We’ll soon know the answer to that question.
The Commission is pondering which of two levels of certification to obtain from the ARC: “minimal” or “excellence.” Some of what is required for the latter designation is ho-hum stuff, like ensuring pedestrian and bicycle access in and around bus stops and promoting the creation of community gardens. And some of it is not, like its heavy emphasis on providing tax-funded multi-lingual services in key government operations for those who do not speak English, and who might have little or no inclination to learn it.
Governments can meet the ARC “excellence” threshold by taking such steps as providing multilingual websites, providing multilingual contact information via mailings, telephone or online; employing staffers who speak more than one language; printing documents and pamphlets in multiple languages; and doing “outreach” work to organizations that represent the various ethnic groups in their community.
Commissioner Bob Ott of east Cobb argued at last week’s Cobb Commission meeting that the county should stick with “minimal” certification. As he put it, his district has residents from all over the world, speakers of many languages. Why should the county pick and choose which of those languages to focus on for its bilingual services?
On the other hand, Commissioner Lisa Cupid of southwest Cobb argued in favor of attaining the ARC’s “excellence” certification, commenting that she was “quite dismayed” recently when a woman who had trouble speaking English came before the board regarding a taxi cab driver permit.
Leaving aside for now the absurdity of why the county would consider granting such a taxi permit to someone who apparently would have difficulty reading road signs, there is Cupid’s complaint that the county “had inadequate service to make sure that she was able to participate” at the commission meeting. That is, she seems to believe it is up to the county — and its taxpayers — to close “the language gap” to ensure that all those who come before the commission can be understood.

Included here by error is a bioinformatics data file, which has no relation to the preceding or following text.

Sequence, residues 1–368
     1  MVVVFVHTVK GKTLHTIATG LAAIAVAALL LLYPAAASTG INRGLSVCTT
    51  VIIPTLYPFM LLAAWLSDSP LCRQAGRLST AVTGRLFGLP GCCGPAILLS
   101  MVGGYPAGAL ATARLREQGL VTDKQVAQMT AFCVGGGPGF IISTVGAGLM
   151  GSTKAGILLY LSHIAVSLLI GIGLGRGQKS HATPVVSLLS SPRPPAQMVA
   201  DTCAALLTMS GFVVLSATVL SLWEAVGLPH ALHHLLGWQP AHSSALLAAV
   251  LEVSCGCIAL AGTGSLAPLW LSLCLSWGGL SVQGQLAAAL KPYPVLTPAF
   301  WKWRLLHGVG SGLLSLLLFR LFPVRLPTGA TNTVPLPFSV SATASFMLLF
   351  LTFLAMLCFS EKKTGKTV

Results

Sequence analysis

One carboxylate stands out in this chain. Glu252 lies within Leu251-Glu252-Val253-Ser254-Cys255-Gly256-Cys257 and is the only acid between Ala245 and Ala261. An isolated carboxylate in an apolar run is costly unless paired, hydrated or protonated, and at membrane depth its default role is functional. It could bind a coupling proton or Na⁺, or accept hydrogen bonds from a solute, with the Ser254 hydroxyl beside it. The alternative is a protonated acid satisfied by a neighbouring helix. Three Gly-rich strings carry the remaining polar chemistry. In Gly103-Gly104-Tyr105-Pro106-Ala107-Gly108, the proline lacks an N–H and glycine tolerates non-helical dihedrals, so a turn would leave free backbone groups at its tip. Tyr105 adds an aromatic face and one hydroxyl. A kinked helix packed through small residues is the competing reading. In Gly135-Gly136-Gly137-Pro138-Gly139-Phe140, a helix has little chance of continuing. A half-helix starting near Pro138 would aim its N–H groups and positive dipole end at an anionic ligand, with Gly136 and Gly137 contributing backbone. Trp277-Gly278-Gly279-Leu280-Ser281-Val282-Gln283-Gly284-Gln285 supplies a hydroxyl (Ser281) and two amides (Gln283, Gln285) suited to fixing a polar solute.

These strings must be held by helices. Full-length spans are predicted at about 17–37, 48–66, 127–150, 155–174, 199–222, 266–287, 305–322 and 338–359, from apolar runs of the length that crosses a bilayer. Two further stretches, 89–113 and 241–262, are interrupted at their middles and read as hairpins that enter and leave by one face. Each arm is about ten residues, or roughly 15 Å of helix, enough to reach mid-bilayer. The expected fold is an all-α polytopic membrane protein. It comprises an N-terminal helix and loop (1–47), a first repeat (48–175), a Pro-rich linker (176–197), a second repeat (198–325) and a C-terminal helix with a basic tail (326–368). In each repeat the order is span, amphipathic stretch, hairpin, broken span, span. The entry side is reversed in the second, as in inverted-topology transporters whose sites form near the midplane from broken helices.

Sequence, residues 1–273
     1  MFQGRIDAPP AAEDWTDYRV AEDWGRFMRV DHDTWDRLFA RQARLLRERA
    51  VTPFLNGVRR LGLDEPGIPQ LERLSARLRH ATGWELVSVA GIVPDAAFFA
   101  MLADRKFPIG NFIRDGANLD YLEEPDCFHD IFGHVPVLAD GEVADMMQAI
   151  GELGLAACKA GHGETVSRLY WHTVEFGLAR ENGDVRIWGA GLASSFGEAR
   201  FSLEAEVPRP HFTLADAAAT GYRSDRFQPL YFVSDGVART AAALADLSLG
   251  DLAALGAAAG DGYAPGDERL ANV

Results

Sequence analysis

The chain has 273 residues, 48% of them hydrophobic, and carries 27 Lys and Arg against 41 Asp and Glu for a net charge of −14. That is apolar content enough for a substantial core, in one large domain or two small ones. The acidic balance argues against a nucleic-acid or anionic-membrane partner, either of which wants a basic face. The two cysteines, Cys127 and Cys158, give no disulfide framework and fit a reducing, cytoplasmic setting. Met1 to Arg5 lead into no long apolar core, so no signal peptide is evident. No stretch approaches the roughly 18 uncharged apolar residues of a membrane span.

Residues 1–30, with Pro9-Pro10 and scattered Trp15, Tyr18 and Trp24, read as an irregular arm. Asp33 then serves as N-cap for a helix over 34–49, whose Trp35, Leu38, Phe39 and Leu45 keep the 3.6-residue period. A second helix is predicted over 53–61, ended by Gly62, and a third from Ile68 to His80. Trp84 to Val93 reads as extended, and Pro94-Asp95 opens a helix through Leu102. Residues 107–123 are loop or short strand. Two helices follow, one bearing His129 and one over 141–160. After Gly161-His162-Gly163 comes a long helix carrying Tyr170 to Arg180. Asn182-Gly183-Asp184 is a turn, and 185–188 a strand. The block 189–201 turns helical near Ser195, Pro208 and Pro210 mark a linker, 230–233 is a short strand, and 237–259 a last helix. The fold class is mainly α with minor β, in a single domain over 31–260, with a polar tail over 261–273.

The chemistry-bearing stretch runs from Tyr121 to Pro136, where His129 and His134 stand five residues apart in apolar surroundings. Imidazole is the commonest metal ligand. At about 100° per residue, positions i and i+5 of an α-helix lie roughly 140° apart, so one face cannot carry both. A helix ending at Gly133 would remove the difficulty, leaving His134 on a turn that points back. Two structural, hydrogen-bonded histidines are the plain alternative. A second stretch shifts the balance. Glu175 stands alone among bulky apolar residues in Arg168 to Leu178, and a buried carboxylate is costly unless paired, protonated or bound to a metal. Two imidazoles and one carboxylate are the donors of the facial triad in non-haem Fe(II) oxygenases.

Indeed, the county formerly provided translators, but ended that service due to budget problems. And it’s not a service that should be resumed even when the budget picture improves.
There’s nothing to preclude someone who comes before the commission from hiring their own translator, or bringing along a friend who is more fluent. But using taxpayer dollars to provide translators in such situations? The county doesn’t provide attorneys for those who come before it seeking zoning changes, for example, so except in very rare circumstances, why should it pay to provide translators? If someone desires to address the commission, it should be his or her responsibility to ensure that the message can be understood.
And why should the county bend over backward — at taxpayer expense — to slow down the assimilation process for those who have chosen to come to this country? Cobb (and the state and Washington) should be pushing policies that encourage assimilation, not hinder it.
And that goes for the Atlanta Regional Commission as well.
So the Cobb Commission would do well to pay heed to those elected them — and not to pie-in-the-sky ARC bureaucrats. A “minimal” ARC certification for Cobb should do just fine.
Sometimes “minimal” is maximal.